Modern scanning electron microscopes often include software that allows for the possibility of obtaining large format high-resolution image montages over areas of several square centimeters. Such montages are typically automatically acquired and stitched, comprising many thousand individual tiled images. Images, collected over a regular grid pattern, are a rich source of information on factors such as variability in porosity and distribution of mineral phases, but can be hard to visually interpret. Additional quantitative data can be accessed through the application of image analysis. We use backscattered electron (BSE) images, collected from polished thin sections of two limestone samples from the Cretaceous of Brazil, a Carboniferous limestone from Scotland, and a carbonate cemented sandstone from Northern Ireland, with up to 25,000 tiles per image, collecting numerical quantitative data on the distribution of porosity. Images were automatically collected using the FEI software Maps, batch processed by image analysis (through ImageJ), with results plotted on 2D contour plots with MATLAB. These plots numerically and visually clearly express the collected porosity data in an easily accessible form, and have application for the display of other data such as pore size, shape, grain size/shape, orientation and mineral distribution, as well as being of relevance to sandstone, mudrock and other porous media.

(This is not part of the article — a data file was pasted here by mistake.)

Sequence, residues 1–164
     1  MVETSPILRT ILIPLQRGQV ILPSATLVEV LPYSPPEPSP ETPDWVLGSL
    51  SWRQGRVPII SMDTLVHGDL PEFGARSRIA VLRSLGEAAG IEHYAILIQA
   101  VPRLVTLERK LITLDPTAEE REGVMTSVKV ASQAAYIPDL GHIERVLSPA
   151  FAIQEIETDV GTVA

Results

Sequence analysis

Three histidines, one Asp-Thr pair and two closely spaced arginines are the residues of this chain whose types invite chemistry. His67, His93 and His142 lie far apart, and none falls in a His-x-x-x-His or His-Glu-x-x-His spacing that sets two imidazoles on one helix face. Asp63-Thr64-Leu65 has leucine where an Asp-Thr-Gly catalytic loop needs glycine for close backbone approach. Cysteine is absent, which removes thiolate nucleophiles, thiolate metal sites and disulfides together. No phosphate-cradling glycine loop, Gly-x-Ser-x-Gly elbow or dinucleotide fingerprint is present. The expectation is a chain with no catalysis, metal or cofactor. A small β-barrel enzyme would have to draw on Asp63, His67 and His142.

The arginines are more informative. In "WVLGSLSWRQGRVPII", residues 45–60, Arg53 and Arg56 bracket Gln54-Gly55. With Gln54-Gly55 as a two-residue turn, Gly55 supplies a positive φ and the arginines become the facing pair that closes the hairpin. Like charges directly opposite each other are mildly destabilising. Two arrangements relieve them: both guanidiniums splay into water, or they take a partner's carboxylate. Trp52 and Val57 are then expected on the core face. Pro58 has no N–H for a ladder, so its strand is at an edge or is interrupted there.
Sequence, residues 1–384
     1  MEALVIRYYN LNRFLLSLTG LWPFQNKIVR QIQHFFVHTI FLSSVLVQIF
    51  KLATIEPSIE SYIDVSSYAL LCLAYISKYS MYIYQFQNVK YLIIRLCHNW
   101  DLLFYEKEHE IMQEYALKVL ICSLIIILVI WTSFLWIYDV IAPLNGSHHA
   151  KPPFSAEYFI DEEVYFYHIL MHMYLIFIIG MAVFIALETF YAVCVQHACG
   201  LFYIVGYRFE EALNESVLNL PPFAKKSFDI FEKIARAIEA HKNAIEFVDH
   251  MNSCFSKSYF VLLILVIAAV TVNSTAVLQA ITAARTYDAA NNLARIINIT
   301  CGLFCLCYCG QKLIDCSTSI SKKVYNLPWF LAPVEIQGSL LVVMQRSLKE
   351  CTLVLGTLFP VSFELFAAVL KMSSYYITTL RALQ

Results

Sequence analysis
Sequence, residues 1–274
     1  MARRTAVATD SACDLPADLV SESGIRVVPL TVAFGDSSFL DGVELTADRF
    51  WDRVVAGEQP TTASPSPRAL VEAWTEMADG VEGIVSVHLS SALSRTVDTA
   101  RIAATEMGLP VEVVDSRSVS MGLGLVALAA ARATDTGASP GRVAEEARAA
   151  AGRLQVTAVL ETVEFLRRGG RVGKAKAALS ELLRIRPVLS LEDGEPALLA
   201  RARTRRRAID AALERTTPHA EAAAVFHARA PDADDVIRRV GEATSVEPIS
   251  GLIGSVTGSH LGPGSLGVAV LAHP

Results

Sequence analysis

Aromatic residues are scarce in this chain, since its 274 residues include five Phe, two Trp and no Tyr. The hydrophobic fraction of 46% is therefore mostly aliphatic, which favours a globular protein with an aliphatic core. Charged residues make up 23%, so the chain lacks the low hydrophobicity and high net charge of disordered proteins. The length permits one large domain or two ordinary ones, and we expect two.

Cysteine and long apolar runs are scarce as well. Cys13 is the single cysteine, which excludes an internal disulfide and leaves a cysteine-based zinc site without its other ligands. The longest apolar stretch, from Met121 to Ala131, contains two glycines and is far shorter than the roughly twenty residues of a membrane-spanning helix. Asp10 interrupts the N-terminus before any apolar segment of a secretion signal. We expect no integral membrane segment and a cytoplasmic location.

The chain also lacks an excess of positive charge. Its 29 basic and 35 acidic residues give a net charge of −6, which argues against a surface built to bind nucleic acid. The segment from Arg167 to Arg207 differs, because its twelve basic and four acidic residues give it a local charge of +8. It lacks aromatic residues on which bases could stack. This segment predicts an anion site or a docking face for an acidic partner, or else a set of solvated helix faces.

- image analysis
Buckman, J., Bankole, S. A., Zihms, S., Lewis, H., Couples, G., & Corbett, P. W. M. (2017). Quantifying porosity through automated image collection and batch image processing: case study of three carbonates and an aragonite cemented sandstone. Geosciences, 7(3), . https://doi.org/10.3390/geosciences7030070